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Search Results 0 to 6 of about 7 (some duplicates have been removed)
with stephen dinan. our guest is stephen moore with "the wall street journal." then a look back at columbine shootings with david cullen. "washington journal" is live at 7:00 a.m. eastern here on c- span. >> as president obama begins his second term, what are the most important issues to consider in 2013? tell us. >> kagel you are in grade 6-12, make a video about what you would like to say to the president. >> get your chance to win the grand prize of $5,000. the deadline is january 18. for more information, go to studentcam.org. >> today, president obama nominated senior massachusetts senator john kerry for secretary of state. he is a vietnam war veteran and chairman of the senate foreign lakers -- senate foreign relations committee. this is just under 10 minutes. >> good afternoon, everyone. you know, when i took office, our nation was engaged in two wars and al qaida was entrenched in their safe havens. many of our alliances were frayed and america's standing in the world had suffered. over the past four years, we've begun a new era of american leadership. we ended the war in iraq. we pu
-founder of nextell. stephen case was co-founder of america online. he is a rabid twitterer. i feel like i know all the details of your life. he is a relentless opponent of entrepreneurship. we are very fortunate to have these three panelists. they each get five to seven minutes. i think we will get through it. five to seven minutes to discuss the topic. we will have a conversation among us. then we will open it up to you. hopefully we will get to all the -- all of your comments and questions. we'll start with professor sullivan. >> i am delighted to be here this evening. not only because the topic is important and the panelists are interesting, but because this conference recognizes mort kaplan, somebody i am pleased to have the opportunity to speak on behalf of tonight. we're looking tonight at immigration policy and how it affects our -- our ability to attract high skilled immigrants. we're speaking of scientists, engineers, but reports who contribute to innovation. it is an issue that has a lot of implications for higher education. colleges and universities are in the talent business. we are in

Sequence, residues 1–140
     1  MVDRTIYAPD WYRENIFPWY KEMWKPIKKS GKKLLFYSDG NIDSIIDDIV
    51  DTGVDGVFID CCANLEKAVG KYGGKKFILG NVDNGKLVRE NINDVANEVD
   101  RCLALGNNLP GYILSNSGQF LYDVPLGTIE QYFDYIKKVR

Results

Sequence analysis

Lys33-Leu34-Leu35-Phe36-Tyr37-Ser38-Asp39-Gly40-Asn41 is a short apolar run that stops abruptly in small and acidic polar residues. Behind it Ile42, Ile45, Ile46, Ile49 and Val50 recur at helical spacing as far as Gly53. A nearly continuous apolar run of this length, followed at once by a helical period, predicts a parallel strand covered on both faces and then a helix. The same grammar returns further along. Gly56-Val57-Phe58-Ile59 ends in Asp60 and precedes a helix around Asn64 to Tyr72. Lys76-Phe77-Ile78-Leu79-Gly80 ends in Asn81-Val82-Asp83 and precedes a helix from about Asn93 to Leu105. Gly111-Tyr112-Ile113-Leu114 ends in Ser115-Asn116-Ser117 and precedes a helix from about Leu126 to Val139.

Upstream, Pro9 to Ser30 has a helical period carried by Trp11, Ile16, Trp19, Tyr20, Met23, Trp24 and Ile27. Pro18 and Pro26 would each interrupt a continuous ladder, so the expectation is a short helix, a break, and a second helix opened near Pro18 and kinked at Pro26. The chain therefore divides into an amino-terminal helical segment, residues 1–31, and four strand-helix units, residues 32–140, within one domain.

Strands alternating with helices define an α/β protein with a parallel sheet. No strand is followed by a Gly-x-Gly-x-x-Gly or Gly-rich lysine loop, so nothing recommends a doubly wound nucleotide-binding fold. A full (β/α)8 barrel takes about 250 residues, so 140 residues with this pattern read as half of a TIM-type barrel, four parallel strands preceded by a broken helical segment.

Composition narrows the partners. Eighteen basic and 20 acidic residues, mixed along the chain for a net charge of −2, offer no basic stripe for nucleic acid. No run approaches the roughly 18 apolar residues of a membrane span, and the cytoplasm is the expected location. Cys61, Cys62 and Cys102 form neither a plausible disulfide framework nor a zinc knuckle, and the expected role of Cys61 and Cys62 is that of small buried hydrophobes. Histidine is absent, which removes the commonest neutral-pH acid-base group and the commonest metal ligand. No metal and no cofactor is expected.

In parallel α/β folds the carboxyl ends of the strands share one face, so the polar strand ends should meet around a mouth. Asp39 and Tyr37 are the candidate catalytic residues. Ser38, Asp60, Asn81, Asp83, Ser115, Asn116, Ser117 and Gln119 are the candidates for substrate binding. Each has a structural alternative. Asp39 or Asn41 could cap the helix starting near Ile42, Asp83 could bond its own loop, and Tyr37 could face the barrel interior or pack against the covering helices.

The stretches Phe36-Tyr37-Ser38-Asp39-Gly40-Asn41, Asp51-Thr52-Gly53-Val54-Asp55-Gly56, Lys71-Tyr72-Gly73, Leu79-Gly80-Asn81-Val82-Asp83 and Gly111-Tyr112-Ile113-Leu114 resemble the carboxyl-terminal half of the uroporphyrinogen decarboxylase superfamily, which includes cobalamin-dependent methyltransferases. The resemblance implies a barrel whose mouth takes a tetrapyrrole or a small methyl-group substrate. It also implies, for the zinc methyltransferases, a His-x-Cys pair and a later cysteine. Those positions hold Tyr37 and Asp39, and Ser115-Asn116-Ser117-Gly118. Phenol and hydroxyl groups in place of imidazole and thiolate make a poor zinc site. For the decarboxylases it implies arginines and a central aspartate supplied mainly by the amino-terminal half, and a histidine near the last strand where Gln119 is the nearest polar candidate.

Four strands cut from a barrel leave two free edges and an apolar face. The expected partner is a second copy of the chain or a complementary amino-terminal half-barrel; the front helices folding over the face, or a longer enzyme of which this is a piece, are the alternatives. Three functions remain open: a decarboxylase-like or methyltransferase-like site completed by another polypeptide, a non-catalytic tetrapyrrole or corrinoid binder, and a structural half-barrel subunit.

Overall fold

would you feel? >> just on the j.f.k. assassination thing. i just read one of stephen king's new books which is about the assassination and a man who has the ability to go back in time and tries to stop the assassination of j.f.k. does that mean we should put a thing on the front and say this didn't happen? at what point is it someone's responsibility to find out whether there is a backing up of that argument. it seems ridiculous when it's about time travel because there is no time travel yet. to a lot of people that would be absurd, where is that line? it's a gray area. >> i think the answer to somebody who will look at -- watch "24" and say see didn't i tell you americans are torture mongers. it goes to the old question of what is the effect, what's the cause and what's the effect of art and on public perception and behavior. would i personally feel responsible? i thought about it and i do think we all bear some responsibility but not complete responsibility. so somebody who doesn't have a critical capacity to turn on a television and realize this is fiction, this is not a representa